Village Meadow Lime Artificial Turf

100 oz, 2.0" Height,  S Blade.


Village Meadow Lime, Shawgrass, side

$4.24 per sq. ft.

Tall and dense turf. 

Artificial Turf Material Description

  • 100 oz. Total Weight, 2.0" Height
  • S Blades
  • Rolls 15 ft Wide
  • Polyethylene


Village Meadow Lime, Shawgrass, top
Village Meadow Lime, Shawgrass, macro

Professional Opinion

Village Meadow Lime artificial grass is tall and plush. With more durable blades, it provides average softness and a superior cushion. Because it's taller than most, it will recover slower than other shorter turf options. Turf temperature when in the sun is higher than average stemming from its density. The material is resistant to wear and tear but showed signs of heavy use due to its pile height. 

See the results and test specifications below.

Test Results


Meter showed 89 degrees of angle adjustment.

Average softness.


 The tennis ball jumped 19 inches. For reference, the office carpet jumps the ball 36 inches.


Blades recovered 72% 

Temperature test

The recorded temperature is 137.2 degrees. This is 2.4 degrees warmer than a piece of plastic under the same conditions.

Wear and Tear

Blades changed shape, recovered to 55%. Wear is visible. No structural damage to blades or backing.

Test Specifications

Every test we conduct is measured and compared to a test item for easier understanding.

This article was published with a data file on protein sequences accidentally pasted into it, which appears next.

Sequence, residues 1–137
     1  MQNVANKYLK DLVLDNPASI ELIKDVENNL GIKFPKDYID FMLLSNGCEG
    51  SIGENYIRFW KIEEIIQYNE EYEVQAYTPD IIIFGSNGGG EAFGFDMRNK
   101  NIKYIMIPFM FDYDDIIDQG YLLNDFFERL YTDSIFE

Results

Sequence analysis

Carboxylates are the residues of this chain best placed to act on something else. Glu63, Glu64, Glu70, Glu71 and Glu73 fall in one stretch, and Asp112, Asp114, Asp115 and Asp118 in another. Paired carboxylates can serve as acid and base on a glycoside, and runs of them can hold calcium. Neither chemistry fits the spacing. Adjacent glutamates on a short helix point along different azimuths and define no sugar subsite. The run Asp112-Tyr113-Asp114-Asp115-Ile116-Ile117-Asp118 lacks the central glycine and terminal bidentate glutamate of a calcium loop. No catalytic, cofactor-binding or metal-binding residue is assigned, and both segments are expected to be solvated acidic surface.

How do you measure turf softness?

We brush the turf 5 times with an angle measurement tool that is resistant to friction. The softer the turf, the less movement we will see on the ruler.

The fewer degrees on the ruler, the softer the turf.

How do you measure cushion?

We drop a tennis ball #3 from 6 ft. above directly on the surface of the turf to measure the cushion.  The less it bounces, the more cushion the artificial grass provides.

We compare results to the bounce carpet provides for clarity.

How do you determine turf recovery?

We place a 30lb weight on the artificial grass material for 5 minutes, then wait 15 minutes at room temperature and measure blade length compared to the original. 


How do you measure temperature?

We measure the temperature under the direct sun after 30 minutes of exposure without wind.

As a data backup, we compare this to the temperature of a stainless steel plate under the same conditions.

How do you assess wear and tear?

We apply an abrasive brush to the turf for a period of 30 seconds and observe the blade's structure afterward. We look for damage, twist, recovery, and blade structure deformation.

Need help?

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